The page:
5th December, 2012- It was announced today that Tarak Ben Ammar has acquired Naguib Sawiris’ ONTV network in a ground-breaking deal that signals a dramatic development in the Arab media landscape. The move marks the first time that Ben Ammar, who owns leading North African network Nessma TV alongside partners Mediaset and the Karoui Brothers, is investing directly into the Egyptian market.
Ben Ammar’s Italian company Prima TV will acquire Naguib Sawiris’ interests in ONTV, which has established itself as one of Egypt’s most independent and objective media outlets.
Prima TV holds all of Tarak Ben Ammar’s media assets. In addition to Nessma, Prima also owns the Sportitalia TV brand; and Eagle Pictures- which is one of Italy’s most successful independent film distributors releasing the likes of the Twilight franchise and Academy Award-winner The King’s Speech. Prima also owns the digital network on which digital terrestrial pay bouquet Mediaset Premium broadcasts. Mediaset Premium has exclusive deals with Warner Bros and Universal, and semi-exclusive deals with Mediaset.
The deal represents a strategic decision to create an alliance between the North African market, which comprises some 90 million people, with the Egyptian market, a further 80 million. The total combined population of these two markets accounts for more than half of the Arab world’s entire population. READ MORE »
US private equity firm Vector Capital is to acquire a 30% stake in France’s Technicolor. At a shareholders’ meeting on Wednesday, a vote was passed to accept Vector’s 191M euro cash bid. The deal comes amid a lawsuit lodged against the post-production and digital media specialist by its former partner, Tarak Ben Ammar and his Quinta Communications. Although Technicolor lost 324M euros last year, The Financial Times notes the company was a draw for private equity firms eager to access its patent portfolio that includes phone, TV and tablet technology. More details follow:
Upheaval in the French post-production sector that hit at the end of last year has spread to the courts, with media mogul Tarak Ben Ammar suing former partner Technicolor. As part of the suit, bailiffs turned up at Technicolor’s headquarters just outside Paris on Friday to search computers for evidence corroborating Ben Ammar’s claims. Ben Ammar’s Quinta Communications and Technicolor were partnered in Quinta Industries, which essentially owned the entire French post-production sector — including Duran Duboi, Scanlab, SIS and LTC — since 2006. When economic problems hit Quinta Industries, forcing a liquidation in December of last year, Technicolor picked up some of its assets. Ben Ammar alleges that Technicolor allowed Quinta to fail in order to acquire those companies at a bargain basement price — a Quinta rep puts it at less than 1M euros as opposed to the 30M euros they were worth.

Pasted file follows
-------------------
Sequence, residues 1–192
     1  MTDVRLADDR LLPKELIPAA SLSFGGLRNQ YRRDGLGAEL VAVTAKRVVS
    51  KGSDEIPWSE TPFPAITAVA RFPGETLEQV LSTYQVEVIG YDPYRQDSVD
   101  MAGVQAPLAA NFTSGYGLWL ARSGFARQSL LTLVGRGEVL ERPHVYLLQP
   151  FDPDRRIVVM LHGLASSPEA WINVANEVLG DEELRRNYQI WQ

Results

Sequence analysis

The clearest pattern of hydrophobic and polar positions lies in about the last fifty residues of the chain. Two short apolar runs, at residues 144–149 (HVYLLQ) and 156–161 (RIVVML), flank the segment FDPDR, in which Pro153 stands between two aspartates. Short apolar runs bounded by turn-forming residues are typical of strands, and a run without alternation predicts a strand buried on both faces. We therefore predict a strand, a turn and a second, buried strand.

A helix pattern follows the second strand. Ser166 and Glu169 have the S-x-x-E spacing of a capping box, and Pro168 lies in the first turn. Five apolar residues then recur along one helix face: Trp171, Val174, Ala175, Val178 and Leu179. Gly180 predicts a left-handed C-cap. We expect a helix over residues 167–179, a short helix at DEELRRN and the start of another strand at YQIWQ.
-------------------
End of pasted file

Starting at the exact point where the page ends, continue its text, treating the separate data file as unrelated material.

According to Quinta, the contract with Technicolor, which owned 17.5% of Quinta Industries, included an option to buy the entire company. It also stipulated that Ben Ammar could not enter into business with Technicolor rival Deluxe. But as Quinta began to encouter difficulties, Technicolor did not provide backing, despite a signed letter from the Ministry of Industry asking Technicolor and Quinta Communications to invest and help save the post outfits. Quinta also contends that the Deluxe clause prohibited Ben Ammar from turning to them as a recourse. Amid the crisis, Technicolor and Deluxe last July announced a strategic agreement under which Technicolor would subcontract its 35mm bulk release printing business to Deluxe in North America and Deluxe would subcontract its 35mm print distribution business in the U.S. to Technicolor.
Tarak Ben Ammar’s Quinta Communications has brought the Doha Film Institute aboard as a co-producer of Black Gold, the Jean-Jacques Annaud-directed feature that began production in Tunisia on October 18. DFI, making its first foray into a major international feature production, will provide a mix of equity, services and locations. Even though the $55 million picture is directed by a French helmer, Black Gold is shaping up to be groundbreaking for a film that is back by Arabs with subject matter about them. An adaptation of the Hans Reusch novel The Great Thirst, Black Gold stars Antonio Banderas, Tahar Rahim, Mark Strong, Freida Pinto, Riz Ahmed and Liya Kebede. The drama is about the rivalry between two Emirs in Arabia in the 1930s, just as oil is being discovered, and the rise of a young dynamic leader who unites the various tribes of the desert kingdoms. The film is being earmarked for Christmas, 2011 release, and Warner Bros has signed on to distribute in France, UK, Latin America and the Middle East, while Universal Pictures International will release it in Germany and Spain and Quinta’s Eagle Pictures has Italy.